|Walking east along Peel Crags to Milecastle 39|
|Coming down the hill to Milecastle 39|
|First glimpse of Sycamore Gap, one of the best views on Hadrian's Wall.|
Sycamore Gap, Hadrians Wall
One of the most popular, most photographed and best images of Hadrian's Wall is Sycamore Gap, made famous in the Robin Hood: Prince of Thieves film. Now most of us know Robin Hood was supposed to be from the Nottingham area, but I guess the director took a bit of creative license and filmed in locations all over the North of England - whilst giving the impression it was all in the same place!
|Perhaps my best photo I took of Sycamore Gap, one of the best views on Hadrian's Wall.|
Where is Sycamore Gap?
Before I had visited Sycamore Gap for the first time I had seen lots of brilliant pictures of the place, but I had no idea where it was on the wall. It was also hard to figure out, even searching the web, exactly where it was - so I hope to shed some light on it's location for anyone else planning a visit!
Sycamore Gap is located just to the east of Milecastle 39 (maybe only 100m or so) - if you look at the map at the top of this page - Milecastle 39 is to the east of Steel Rigg - and to be exact on the map above, Sycamore Gap is actually just above the 'L' on the text 'MILECASTLE 39' - so not far at all from Milecastle 39. The closest place to park to sycamore gap is Steel Rigg car park or Once Brewed Car Park) - and it's about a 15minute walk east from these car park's to sycamore gap.
|Heading up to Highshield crags looking back to Sycamore Gap, Peel Crags and Windshield Crags in the distance|
|Now the walk follows the side of Crag Loch|
|Looking back over Crag loch with Windshield Crags in the far distance|
|The track now goes up beside Hotbank Farm House|
|This was one of the best views of the day on Hadrians Wall and you can see pretty much the entire route the walk has covered so far.|
|An impressive sight - one of best views on this Hadrian's Wall Walk. This photo gives a real sense of the sort of terrain and landscape that Hadrains Wall covers, a monumental feet of human effort!|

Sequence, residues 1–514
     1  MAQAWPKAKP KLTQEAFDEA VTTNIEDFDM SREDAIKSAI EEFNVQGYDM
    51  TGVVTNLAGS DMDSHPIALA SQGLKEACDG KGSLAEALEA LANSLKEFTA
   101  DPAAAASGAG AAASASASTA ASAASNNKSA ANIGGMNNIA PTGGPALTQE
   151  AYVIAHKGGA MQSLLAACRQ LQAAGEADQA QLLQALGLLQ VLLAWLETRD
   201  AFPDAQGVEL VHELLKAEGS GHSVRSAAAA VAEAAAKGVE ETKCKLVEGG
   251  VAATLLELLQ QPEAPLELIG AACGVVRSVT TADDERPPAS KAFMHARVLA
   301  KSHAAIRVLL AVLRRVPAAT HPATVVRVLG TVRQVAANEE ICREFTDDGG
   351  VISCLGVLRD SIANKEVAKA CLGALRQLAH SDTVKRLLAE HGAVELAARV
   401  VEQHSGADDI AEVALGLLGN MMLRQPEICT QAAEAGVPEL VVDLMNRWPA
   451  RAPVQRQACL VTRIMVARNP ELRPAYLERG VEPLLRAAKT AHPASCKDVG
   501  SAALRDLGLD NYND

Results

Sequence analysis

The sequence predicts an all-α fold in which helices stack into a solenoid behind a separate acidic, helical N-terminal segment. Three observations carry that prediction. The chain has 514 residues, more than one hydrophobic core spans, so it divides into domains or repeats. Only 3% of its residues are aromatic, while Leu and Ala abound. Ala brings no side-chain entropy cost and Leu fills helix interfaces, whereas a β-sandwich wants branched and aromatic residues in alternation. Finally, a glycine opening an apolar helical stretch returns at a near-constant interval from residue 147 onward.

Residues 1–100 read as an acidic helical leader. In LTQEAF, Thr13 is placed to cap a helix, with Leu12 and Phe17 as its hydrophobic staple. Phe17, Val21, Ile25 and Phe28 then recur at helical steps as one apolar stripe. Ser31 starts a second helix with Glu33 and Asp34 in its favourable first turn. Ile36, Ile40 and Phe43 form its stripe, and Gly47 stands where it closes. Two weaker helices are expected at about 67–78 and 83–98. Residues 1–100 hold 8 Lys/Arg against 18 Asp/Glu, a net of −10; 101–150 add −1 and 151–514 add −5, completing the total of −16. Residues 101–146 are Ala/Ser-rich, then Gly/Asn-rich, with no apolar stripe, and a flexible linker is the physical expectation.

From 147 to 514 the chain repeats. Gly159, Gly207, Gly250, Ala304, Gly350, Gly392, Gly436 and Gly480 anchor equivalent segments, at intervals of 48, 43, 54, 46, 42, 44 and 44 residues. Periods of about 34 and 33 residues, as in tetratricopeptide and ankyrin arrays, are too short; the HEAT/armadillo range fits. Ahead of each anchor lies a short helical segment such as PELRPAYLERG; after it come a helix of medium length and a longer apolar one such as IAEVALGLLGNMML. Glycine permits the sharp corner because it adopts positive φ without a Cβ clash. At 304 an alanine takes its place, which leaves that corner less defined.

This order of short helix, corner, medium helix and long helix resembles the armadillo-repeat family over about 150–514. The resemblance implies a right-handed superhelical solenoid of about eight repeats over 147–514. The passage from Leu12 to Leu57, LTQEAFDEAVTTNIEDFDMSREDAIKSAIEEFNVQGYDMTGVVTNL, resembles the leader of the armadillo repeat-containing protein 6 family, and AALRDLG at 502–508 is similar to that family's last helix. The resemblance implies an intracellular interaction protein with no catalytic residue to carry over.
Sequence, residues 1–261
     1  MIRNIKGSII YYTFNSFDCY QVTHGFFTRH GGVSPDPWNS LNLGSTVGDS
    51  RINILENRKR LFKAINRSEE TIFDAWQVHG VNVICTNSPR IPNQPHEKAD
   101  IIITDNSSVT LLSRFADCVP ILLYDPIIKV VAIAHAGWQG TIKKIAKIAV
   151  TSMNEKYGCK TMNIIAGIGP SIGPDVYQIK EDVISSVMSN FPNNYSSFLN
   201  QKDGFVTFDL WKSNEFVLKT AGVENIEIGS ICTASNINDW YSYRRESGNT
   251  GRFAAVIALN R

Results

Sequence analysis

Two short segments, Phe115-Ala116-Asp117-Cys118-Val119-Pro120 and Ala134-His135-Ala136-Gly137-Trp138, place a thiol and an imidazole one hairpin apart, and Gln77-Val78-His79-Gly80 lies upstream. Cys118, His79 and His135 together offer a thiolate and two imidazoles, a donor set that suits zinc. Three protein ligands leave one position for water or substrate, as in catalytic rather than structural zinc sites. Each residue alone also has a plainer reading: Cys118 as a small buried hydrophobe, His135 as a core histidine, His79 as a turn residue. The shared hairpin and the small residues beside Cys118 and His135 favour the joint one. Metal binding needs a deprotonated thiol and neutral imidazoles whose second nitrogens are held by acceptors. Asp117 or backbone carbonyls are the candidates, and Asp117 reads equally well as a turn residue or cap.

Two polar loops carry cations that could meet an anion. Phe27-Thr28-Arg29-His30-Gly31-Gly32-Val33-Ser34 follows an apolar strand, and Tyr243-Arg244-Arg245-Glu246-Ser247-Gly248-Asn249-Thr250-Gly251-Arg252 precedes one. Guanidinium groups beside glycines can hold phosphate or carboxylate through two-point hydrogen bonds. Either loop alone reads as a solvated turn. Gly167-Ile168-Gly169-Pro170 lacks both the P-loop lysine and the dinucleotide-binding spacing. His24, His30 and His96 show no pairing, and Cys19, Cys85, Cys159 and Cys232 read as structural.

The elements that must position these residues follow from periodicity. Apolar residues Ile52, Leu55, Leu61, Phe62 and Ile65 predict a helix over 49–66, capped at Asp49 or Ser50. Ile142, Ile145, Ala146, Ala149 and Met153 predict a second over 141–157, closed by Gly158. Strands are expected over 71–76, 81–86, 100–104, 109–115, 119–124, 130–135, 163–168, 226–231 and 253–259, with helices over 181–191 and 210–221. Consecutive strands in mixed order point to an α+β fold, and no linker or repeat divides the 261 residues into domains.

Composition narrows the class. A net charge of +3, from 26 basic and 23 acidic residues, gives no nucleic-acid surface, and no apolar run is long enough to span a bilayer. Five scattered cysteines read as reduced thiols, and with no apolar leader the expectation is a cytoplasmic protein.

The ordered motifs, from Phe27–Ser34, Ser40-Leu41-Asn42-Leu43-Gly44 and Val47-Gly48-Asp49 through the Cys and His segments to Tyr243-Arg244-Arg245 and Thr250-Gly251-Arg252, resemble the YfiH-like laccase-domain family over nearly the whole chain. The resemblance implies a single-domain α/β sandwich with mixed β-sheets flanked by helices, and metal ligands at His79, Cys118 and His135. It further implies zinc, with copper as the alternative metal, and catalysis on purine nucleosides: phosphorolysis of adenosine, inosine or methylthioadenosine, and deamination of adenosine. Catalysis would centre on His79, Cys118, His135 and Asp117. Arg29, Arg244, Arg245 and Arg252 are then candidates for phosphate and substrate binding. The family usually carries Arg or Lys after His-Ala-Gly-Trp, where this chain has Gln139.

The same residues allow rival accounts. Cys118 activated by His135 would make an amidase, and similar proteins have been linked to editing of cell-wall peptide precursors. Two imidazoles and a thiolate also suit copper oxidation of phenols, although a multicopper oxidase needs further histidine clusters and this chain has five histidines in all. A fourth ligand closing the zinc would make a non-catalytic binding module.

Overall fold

|Heading east towards Housesteads with Broomlee Loch now in sight|
|I didn't realise the Pennine Way came this far North, but on this walk we stay on the Hadrian's Wall route|
|Heading towards Housesteads Roman Fort - if you are looking for a classic Hadrian's Wall view and one of the best bits on the Hadrian's wall walk, then this view is it!|
|When you get to the Housesteads section, there is actually a designated path on the wall, and this is where todays walk is coming to an end.|
|Here we are at Housesteads visitor centre, where there is a well preserved Roman Fort to explore if you have the time and also a place to get a bite to eat and a drink. It is from Housesteads where you can also get the bus back west to the car park.|
Getting the bus back. Information on Hadrians Wall Bus (HWD Bus AD122)
|A view of sycamore gap on hadrian's wall from a distance, it's actually from the road that the bus travels along!|
Vindolanda & the Roman Army Museum
If you have more time I would recommend checking out these 2 separate places as there is a lot to see and it lets you find out more about Hadrians Wall. (The distance between the 2 places is a 10/15 minute drive). At the Roman army museum you can watch a 3D film about Hadrian's wall called Edge of Empire, which gives you a taste of what the wall was like in Roman times. The film is on for 20 mins or so and runs every 30mins - view more info here www.vindolanda.com/doorway-articles/edge-of-empire-3d-film
I hope you have found this blog post useful!
I really recommend a walk on this must-see section of the wall - as it offers in my opinion the best of what Hadrian's wall has to offer, and it's one of the best walks in England for that matter so I hope this blog post inspires you to want to visit it.
Thanks for reading! If you have any questions - just post a comment and I'll try and answer.
Blog Post by Stuart Hodgson, 'The Hiking Photographer'